Deep down, we all want to be innovators. We want to create. We want to think outside the box.
After all, we are all artists and creators.
That's why we celebrate people and companies who innovate, who don't simply adhere to the status quo, and who even challenge it. We celebrate the troublemakers who make it. We call them the innovators. Think: Steve Jobs and Apple, Einstein and his theories, Michael Jordan and his style of basketball, Walt Disney and his imagineering.
But, what about those who don't make it? Or what if these innovators didn't make it?
For us, they remain as troublemakers and we call them failures.
What we fail to realize is that failure is at the heart of innovation. You don't get to innovate without risking failure. If Steve Jobs didn't figure out how to make things work, he wouldn't be called an innovator. So would Thomas Edison. If Michael Jordan didn't win a championship, he would probably just be called a selfish player. Now, he's called the greatest of all time.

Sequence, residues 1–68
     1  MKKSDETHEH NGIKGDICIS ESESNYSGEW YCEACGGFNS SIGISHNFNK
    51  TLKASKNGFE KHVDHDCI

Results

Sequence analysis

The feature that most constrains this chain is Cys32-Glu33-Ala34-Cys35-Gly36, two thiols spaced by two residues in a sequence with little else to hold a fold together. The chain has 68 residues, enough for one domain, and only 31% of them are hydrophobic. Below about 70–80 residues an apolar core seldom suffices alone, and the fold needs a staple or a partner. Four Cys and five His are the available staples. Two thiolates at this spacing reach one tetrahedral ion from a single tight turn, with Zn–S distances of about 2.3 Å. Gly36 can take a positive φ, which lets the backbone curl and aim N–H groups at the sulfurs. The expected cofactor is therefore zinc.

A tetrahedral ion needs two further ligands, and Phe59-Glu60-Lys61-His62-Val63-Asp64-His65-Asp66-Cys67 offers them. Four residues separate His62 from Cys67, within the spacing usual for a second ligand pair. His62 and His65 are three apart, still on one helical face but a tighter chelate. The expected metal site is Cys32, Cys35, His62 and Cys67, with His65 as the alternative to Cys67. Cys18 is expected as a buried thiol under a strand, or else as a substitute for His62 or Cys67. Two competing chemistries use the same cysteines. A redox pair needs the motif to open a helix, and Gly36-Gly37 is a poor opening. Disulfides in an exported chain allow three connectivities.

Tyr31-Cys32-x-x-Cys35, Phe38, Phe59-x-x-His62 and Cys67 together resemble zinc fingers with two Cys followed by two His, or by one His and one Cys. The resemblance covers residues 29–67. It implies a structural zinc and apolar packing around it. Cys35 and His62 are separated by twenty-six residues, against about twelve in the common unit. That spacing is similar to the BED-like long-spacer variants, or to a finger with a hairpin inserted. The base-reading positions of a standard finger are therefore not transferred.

We don't innovate, let alone create, because we're afraid of risking failure. But, without risking failure, we also don't risk success.
We're celebrating innovation. But, we're celebrating only half of the equation. Celebrate the other half as well. Celebrate failure.
The innovators started out as troublemakers. Even if they failed, they would likely be glad to have started a ruckus. To have challenged the status quo. To have tried their hand on innovation.
You don't become an innovator, a creator, without first becoming a troublemaker. You don't become a success (whatever success means to you) without first becoming a failure.
Risk failure. Only then will you risk success.